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Tax Reform – Did You Think It Would Include A Tax Subsidy For Local Newspapers?



Tax Reform - Did You Think It Would Include A Tax Subsidy For Local Newspapers?
This week the House Ways and Means Committee began marking up a tax reform bill to improve equity in our tax system, make modifications to have the system better comport with societal and environmental goals, and generate revenue to cover new spending particularly for infrastructure.
The list of changes under review includes several tax measures that were not included in President Biden’s Build Back Better Greenbook. These differences include:

The markup (so far) also removed a significant equity proposal from the Greenbook. This missing item (at least at 9/14/21) is the repeal of the step-up in basis at date of death. A longstanding and significant exclusion for the wealthy that is hard to justify other than for some issues with small businesses which the Biden plan has a solution for. Will it get into a final bill?
But this post is about the proposal at Sec. 138517 of the markup – “payroll credit for compensation of local news journalists.” This is a refundable credit for the newspaper employer on up to $12,500 of wages per eligible employee per quarter at 50% of wages. It lasts for five years. A local newspaper is “any print or digital publication if the primary content of such publication is original content derived from primary sources and relating to news and current events” serving the needs of the local community, with at least one local news journalist residing in that community and the publisher has 750 or fewer employees during the quarter.  And there are a lot more rules and the wage deduction has to be reduced by the credit claimed. And like the employee retention credit (ERC) of the CARES Act and ARPA, the related party rule of §51(i)(1) applies.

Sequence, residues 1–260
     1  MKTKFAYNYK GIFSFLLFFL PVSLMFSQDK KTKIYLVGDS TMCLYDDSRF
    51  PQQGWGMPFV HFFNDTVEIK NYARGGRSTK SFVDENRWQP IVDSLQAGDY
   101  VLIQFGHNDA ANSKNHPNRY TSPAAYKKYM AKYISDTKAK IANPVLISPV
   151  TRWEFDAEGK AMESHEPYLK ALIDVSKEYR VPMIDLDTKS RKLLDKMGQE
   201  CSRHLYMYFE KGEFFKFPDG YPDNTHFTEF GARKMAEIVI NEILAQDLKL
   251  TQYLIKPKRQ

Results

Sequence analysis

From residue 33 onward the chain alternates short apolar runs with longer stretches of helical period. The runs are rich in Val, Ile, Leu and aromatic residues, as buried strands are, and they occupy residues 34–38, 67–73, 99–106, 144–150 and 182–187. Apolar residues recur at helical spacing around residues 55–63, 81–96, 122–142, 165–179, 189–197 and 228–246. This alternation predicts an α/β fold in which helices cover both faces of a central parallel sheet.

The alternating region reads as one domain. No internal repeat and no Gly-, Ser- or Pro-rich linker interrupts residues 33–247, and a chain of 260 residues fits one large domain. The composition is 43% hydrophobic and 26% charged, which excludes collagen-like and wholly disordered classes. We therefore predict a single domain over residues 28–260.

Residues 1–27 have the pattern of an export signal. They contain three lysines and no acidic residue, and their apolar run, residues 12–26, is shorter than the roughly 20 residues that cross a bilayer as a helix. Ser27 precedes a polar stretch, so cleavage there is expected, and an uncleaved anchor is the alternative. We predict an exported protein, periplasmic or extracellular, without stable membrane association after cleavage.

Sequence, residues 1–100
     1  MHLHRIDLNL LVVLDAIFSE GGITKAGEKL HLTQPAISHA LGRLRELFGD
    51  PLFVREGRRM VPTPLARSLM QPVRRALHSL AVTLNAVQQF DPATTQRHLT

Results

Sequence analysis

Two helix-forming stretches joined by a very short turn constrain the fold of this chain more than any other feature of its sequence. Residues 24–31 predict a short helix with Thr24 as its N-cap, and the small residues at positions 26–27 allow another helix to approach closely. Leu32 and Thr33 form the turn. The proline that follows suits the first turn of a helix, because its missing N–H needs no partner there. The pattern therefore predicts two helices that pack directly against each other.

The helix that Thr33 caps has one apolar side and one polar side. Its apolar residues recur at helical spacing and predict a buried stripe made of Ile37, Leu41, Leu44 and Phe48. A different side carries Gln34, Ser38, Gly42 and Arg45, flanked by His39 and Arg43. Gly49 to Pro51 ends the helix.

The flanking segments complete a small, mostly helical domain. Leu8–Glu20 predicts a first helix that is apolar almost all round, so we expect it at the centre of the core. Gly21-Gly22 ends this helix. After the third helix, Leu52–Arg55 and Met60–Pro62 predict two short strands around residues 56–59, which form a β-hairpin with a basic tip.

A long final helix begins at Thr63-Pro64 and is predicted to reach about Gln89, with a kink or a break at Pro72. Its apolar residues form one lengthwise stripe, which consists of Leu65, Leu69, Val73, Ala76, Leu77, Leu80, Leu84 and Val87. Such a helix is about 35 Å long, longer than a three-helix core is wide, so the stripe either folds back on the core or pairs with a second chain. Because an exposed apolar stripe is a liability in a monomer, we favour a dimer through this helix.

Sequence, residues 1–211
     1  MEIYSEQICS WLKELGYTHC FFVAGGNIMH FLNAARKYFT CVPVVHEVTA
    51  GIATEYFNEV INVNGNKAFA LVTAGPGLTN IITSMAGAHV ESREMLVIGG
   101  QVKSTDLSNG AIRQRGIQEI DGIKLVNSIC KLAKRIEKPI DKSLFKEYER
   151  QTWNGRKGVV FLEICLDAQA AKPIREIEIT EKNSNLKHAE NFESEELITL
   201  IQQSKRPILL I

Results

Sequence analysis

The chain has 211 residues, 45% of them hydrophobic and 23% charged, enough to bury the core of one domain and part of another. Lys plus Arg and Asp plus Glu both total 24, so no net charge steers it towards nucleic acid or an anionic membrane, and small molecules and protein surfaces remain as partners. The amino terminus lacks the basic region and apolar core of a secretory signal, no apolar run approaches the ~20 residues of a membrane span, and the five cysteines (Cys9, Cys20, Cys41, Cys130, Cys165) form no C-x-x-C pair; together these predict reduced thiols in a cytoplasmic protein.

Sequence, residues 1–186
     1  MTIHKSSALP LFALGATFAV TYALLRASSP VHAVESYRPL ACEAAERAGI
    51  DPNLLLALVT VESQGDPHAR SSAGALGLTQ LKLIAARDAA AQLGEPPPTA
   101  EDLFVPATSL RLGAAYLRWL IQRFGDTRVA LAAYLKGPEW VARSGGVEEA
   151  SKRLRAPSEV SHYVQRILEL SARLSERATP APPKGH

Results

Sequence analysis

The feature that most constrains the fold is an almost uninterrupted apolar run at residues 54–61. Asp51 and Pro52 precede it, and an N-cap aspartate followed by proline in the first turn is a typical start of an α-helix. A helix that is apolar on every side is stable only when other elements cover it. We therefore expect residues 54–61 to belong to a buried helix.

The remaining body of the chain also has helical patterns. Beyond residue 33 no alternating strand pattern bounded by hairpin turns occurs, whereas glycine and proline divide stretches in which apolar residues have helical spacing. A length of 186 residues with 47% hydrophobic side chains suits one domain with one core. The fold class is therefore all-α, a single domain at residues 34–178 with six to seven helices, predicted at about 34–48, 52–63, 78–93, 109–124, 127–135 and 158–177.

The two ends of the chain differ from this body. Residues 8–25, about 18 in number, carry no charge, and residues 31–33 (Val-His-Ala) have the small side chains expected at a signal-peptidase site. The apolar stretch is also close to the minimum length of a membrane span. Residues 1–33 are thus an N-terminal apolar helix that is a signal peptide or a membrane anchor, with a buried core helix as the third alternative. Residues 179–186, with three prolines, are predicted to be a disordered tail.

I was surprised to see this proposal for a few reasons including:
1. Where did this come from? Well, I found H.R. 3940 and S. 2434, Local Journalism Sustainability Act (117th Congress) which also proposed such a credit. These bills also propose up to a $250 annual credit for subscribing to a local newspaper. As of 9/14/21, these two bills have 60 sponsors from both parties. So, some individual tax proposals out of hundreds offered each year made it into the markup.
2. This is an old issue! Back in June 2010 I came across a discussion draft by the Federal Trade Commission entitled: “Potential Policy Recommendations to Support the Reinvention of Journalism.” I always intended to write a paper about it and similar enterprises and industries that were adversely impacted by the Internet, e-commerce and digitilization. The 2010 FTC report of 47 pages (which I printed in 2010 but would not do so today as a digital file would work fine) mentions “tax” 100 times (both about proposals and existing tax breaks for newspapers). I did not yet write the article (but I did write over 150 other articles since June 2010), but I still have the report (and readily found it!). An article on my Tax Notes State list of topics is to write about responsible and taxation where I would include an analysis of whether the tax law should give breaks to help struggling industries, among other tax design considerations.
That is an interesting question perhaps.  Should the government help industries that do not keep up with changes in how the world works? Many businesses watch the trends and change.  I recently listened to a wonderful book by Ursula Burns, the first female, Black CEO of a Fortune 500 company (Where You Are Is Not Who You Are: A Memoir, 2021)). Among many fasinating stories in her autobiography is how Xerox had to reinvent itself due to changes in technology.